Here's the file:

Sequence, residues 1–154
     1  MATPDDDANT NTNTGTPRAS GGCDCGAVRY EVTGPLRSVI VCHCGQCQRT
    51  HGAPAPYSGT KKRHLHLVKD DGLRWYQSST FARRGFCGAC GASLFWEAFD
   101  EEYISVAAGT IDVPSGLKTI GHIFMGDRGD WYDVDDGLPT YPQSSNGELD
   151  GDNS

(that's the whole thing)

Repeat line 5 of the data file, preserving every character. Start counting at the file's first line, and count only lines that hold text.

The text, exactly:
   151  GDNS